Wankie the Elephant and the President

Written by Roger Wright

Continued from page 1

Kevin Bell,repparttar man who runsrepparttar 140062 zoo---a lifer inrepparttar 140063 business who never really wanted to do anything else, stands inrepparttar 140064 shadow ofrepparttar 140065 big exhibit, a six inch sheaf of lab results clutched in one hand,repparttar 140066 other hand rubbing his temples –Kevin Bell can feel it. Like a wind that blows where it chooses. A life force wrapped in eons of elephant time that drivesrepparttar 140067 giant creature to hide its vulnerabilities. Elephant’s never look sick or weak. That’s how they protected themselves back onrepparttar 140068 African plains. They never showed a weakness.

Right up untilrepparttar 140069 moment thatrepparttar 140070 elephant drops.

So whilerepparttar 140071 elephant is still standing upright---the elephant looks great. Wankie looks fine. But Kevin Bell and every single other member of that small army of care knows about her lung problems. Just like they knowsrepparttar 140072 risks of treatment. So it’s Kevin Bell’s signature that’s onrepparttar 140073 order for that moving van to take Wankie to a zoo in Utah. And he’s ready to accept that. But as he does--a question so loud in his brain that it rings like a steel hammer onrepparttar 140074 bars ofrepparttar 140075 exhibit “What’s best forrepparttar 140076 animal? What’s best forrepparttar 140077 animal, what’s best forrepparttar 140078 animal?” A question ringing out like that bass line now coming fromrepparttar 140079 trainers’s room torepparttar 140080 side ofrepparttar 140081 exhibit

I know a place

Ain’t nobody cryin

Kevin Bell, actually understandingrepparttar 140082 word accountability, keeps repeating that question to himself. He doesn’t realize that he is whisperingrepparttar 140083 question to himself out loud as if by askingrepparttar 140084 question enough times, he could somehow physically willrepparttar 140085 answer to appear.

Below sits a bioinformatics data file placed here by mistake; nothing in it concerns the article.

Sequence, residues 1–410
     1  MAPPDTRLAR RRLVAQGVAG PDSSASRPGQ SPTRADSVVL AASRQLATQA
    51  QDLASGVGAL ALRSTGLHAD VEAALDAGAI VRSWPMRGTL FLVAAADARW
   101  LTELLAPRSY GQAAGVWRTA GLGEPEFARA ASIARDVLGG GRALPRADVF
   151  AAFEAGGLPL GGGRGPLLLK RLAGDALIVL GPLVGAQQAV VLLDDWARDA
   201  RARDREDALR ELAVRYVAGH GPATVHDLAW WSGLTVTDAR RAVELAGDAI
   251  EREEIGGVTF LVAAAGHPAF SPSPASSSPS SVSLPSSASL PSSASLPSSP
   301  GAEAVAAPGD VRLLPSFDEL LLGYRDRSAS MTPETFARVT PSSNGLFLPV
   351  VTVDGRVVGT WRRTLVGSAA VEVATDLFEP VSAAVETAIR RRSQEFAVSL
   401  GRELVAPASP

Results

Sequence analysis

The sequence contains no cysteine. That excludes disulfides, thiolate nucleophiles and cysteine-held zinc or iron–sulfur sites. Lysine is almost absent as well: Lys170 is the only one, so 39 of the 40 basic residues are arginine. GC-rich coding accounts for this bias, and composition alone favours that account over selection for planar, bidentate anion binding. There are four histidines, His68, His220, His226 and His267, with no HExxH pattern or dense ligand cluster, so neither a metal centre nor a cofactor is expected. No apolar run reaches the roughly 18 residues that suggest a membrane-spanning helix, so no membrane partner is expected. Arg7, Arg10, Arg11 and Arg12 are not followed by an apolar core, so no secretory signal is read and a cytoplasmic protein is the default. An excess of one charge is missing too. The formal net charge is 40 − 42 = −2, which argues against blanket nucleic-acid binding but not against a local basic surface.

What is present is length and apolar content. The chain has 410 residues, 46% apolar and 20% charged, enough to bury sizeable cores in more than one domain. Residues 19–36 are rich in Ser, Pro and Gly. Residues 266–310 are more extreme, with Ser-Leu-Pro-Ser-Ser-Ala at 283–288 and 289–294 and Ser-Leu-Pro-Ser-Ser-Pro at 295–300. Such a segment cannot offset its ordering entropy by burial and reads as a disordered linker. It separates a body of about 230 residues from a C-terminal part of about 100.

The air brakes ofrepparttar 140086 semi truck whoosh and groan outsiderepparttar 140087 service entrance. Off torepparttar 140088 side, facing some bushes and unseen byrepparttar 140089 truck driver-- a woman is hurriedly putting her TV make up on, getting ready for tonight’s news report. Rae Lynn Henderson, a name she’s grown comfortable with overrepparttar 140090 past 2 years, had just been text messaged from her boss back atrepparttar 140091 Colorado Springs based PDA (People Defending Animals) withrepparttar 140092 order that if Kevin Bell ignored one more e-mail, it would be alright for Rae Lynn to lie down in front ofrepparttar 140093 semi truck that was takingrepparttar 140094 elephant out tonight.

As Rae Lynn checked her face,repparttar 140095 Secretary of Defense andrepparttar 140096 Vice President, are joined in a secure conference call by a man who’s name never appeared in any news stories, now sitting in a comfortable book filled room of a mansion in Arlington Virginia, ,and byrepparttar 140097 blond crew cut, mirrored sunglasses passenger inrepparttar 140098 lead car of President Bush’s caravan. This quiet collection of leaders were being briefed thatrepparttar 140099 tiny Cessna had been guided in safely byrepparttar 140100 military air power. There was no threat. It had all been a false alarm. A flight instructor innocently wandering off his path inside restricted airspace. All systems go.

A moment of silence onrepparttar 140101 call, andrepparttar 140102 question was asked: “Do we apprise him ofrepparttar 140103 status?” Andrepparttar 140104 man with no name answered calmly from his quiet den in Virginia “I don’t believe that will be necessary.”